Amazing Feats of Memory

From time to time we hear about people with “photographic” memories who supposedly can remember every detail of something they experienced.  When you look into what’s really going on though, it becomes clear that this is not really the case, and their capabilities are actually limited to certain segments of their experience.

Jill Price is touted as the “woman who can’t forget,” but if you read the whole article you note that this is far from the truth.  In reality she can only remember things well that are relevant to her personal life history.  Stephen Wiltshire is even more impressive, able to recreate entire city-scapes from just one viewing.

The reality is that we humans are limited by the size of our brains as to how much total information we can store.  And if we were to store every piece of sensory information that came our way every second of the day, we’d fill up pretty quickly.  Thus, we are forced to heavily compress (i.e. encode) the raw information into chunks which can later be decoded when we are asked to recall.  Fortunately, the world is very structured and it actually helps us immensely in this encoding/decoding process.  We are all virtuosos at this process, but it’s so unconscious and natural that we don’t recognize the incredible feat that our brains are accomplishing all the time.

What goes on in these savant cases is that their brains have developed with a preternatural fixation and skill in either a particular domain (such as architecture), or in a general encoding/decoding scheme which allows for superior memory across a wide — but not unlimited — range of domains, usually based on the visual system.

In the case of Stephen Wiltshire it appears to be the domain-specific type.  If you browse his art gallery and history, almost all of his feats of memory are specifically of architectural forms.  Not surprisingly, architecture has quite a bit of regularity to it which helps the encoding/decoding process.  For instance, if you see one column in detail and know how many columns there are on the building, you can recreate all of them in detail.  One would expect Wiltshire to perform less eidetically on landscapes and nature, and perhaps no better than average on abstract visual scenes.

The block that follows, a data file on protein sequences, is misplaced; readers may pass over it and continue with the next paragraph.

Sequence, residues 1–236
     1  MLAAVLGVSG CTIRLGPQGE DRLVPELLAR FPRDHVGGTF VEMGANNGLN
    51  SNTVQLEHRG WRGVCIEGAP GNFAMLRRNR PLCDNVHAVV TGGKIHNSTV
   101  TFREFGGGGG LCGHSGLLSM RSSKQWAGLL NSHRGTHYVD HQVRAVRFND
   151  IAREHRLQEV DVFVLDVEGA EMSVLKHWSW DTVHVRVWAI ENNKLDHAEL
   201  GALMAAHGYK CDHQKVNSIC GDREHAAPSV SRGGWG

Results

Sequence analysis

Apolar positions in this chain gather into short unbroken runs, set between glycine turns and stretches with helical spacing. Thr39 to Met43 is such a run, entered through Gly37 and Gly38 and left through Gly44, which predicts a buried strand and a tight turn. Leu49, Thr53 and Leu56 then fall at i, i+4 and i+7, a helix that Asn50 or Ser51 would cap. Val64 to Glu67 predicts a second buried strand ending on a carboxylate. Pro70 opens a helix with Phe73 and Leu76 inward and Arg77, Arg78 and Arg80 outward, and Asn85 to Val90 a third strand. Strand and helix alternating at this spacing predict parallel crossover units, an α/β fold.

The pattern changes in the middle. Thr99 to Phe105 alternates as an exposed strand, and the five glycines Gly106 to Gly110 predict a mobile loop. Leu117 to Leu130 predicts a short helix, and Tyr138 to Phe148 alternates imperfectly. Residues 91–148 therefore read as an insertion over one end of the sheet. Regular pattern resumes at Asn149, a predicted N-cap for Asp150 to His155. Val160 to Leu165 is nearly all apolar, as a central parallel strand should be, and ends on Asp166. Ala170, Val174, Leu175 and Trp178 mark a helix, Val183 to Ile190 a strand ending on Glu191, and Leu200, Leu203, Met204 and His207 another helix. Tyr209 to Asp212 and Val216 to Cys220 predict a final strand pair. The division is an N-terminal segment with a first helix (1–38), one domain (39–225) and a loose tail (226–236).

I had something more to say on this topic, but now I forget….

hat tip: Mom

  • Rafe, I’ve been following Stephen Wiltshire for years. What an amazing gift. I had to look up the word “eidetically” and agree that Stephen is an amazing example of both the ability to remember AND the ability to artistically recreate.

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  • danielhorowitz

    I just caught a Nat Geo special on Susan Polgar, the first female chess grandmaster. At the end of the show they do an fMRI on her and they can’t tell a difference between when she is looking at human faces, and when she is seeing chess games she played 30 years ago. The idea is that the tens of thousands of hours of chess learning has partially hijacked and expanded the awesome pattern recognition capabilities of the Fusiform gyrus. The implication is that any specialized learning creates better pattern recognition which may manifest itself as “intuition.” (Facial recognition is done in approximately 1/10th of a second.)

    Separately, I believe that most people with 99th percentile memories are using visual chunking. After all, a picture’s worth a thousand words…

  • danielhorowitz